Once the stigmas are fully dry, put them into a small air-tight pot or jar and keep them in a cool, dark cupboard – an ordinary kitchen cupboard is ideal. Avoid putting them in the fridge as the fluctuation in temperature when used can create condensation in the container.
Cooking with saffron
Saffron has a pungent, earthy aroma and flavour which adds a distinct flavour to both sweet and savoury dishes. This labour-intensive crop is what makes it so expensive, so luckily you only need to use it sparingly.
When using saffron in the kitchen, it’s best to soak the dried stigmas for 30 minutes in a small amount of water first. Doing so not only helps to draw out the flavours, but also ensures an even distribution of flavour to the dish when added. Add the saffron and water to the dish towards the end of cooking to get the best flavour.
Saffron goes well with numerous dishes, particularly fish dishes, paella, risotto, tomato, wine or cream-based sauces and fruit desserts.
Health benefits from saffron
This valuable spice is known to have some excellent health benefits, containing bioactive compounds including carotenoids, safranal, crocin, crocetin, antioxidants and vitamins. Common uses of the spice include:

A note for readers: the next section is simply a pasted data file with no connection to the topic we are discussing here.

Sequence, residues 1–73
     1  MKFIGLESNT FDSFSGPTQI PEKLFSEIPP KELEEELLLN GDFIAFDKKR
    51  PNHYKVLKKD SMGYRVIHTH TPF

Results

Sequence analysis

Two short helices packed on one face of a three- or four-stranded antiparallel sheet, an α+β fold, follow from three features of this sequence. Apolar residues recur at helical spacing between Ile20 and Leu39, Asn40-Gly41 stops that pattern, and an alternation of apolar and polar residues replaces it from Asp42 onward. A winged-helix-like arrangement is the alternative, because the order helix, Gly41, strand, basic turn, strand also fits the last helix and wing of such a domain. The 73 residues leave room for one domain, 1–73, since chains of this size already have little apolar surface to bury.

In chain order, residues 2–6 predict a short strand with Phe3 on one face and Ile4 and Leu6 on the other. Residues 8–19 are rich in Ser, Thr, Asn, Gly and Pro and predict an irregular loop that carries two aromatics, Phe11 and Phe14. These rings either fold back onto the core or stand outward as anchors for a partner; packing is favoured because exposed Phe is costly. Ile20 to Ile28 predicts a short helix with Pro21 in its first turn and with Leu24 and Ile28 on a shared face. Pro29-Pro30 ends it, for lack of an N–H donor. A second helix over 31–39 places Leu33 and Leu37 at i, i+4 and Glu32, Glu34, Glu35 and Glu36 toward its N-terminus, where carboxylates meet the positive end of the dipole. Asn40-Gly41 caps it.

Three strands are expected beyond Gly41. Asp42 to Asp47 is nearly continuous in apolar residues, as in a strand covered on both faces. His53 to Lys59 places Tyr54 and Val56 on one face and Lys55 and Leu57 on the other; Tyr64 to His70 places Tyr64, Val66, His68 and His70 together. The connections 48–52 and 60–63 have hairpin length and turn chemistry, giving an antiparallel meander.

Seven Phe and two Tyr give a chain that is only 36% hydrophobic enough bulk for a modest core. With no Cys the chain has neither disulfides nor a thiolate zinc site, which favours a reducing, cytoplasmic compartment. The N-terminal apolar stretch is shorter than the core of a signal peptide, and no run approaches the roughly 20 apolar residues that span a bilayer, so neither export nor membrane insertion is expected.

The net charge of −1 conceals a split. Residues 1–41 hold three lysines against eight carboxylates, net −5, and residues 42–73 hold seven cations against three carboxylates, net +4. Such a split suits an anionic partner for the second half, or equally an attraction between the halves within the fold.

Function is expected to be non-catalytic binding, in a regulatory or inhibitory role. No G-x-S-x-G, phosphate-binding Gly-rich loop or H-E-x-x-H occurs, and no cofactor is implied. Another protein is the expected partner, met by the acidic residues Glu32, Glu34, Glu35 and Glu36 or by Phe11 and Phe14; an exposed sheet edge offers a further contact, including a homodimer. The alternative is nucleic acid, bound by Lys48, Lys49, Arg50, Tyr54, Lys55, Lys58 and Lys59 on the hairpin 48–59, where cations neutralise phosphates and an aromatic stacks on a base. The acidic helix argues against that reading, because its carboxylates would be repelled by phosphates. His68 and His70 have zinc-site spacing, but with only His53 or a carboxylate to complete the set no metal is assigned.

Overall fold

- Immunity boosting – rich in vitamin C, saffron helps to strengthen the immune system to protect you against illness.
- Improved circulation and heart health – antioxidant and anti-inflammatory properties in saffron, combined cholesterol-lowering crocetin all helps to protect the heart. Iron stimulates circulation and increases metabolism, which in turn improves efficiency of the organs.
- Helps lower blood pressure – rich in potassium, saffron helps to reduce pressure and stress on blood vessels and arteries.
- Helps relieve stress and anxiety – saffron contains crocin and safranal which aid the brain’s release of dopamine and serotonin. People who regularly consume it report positive results.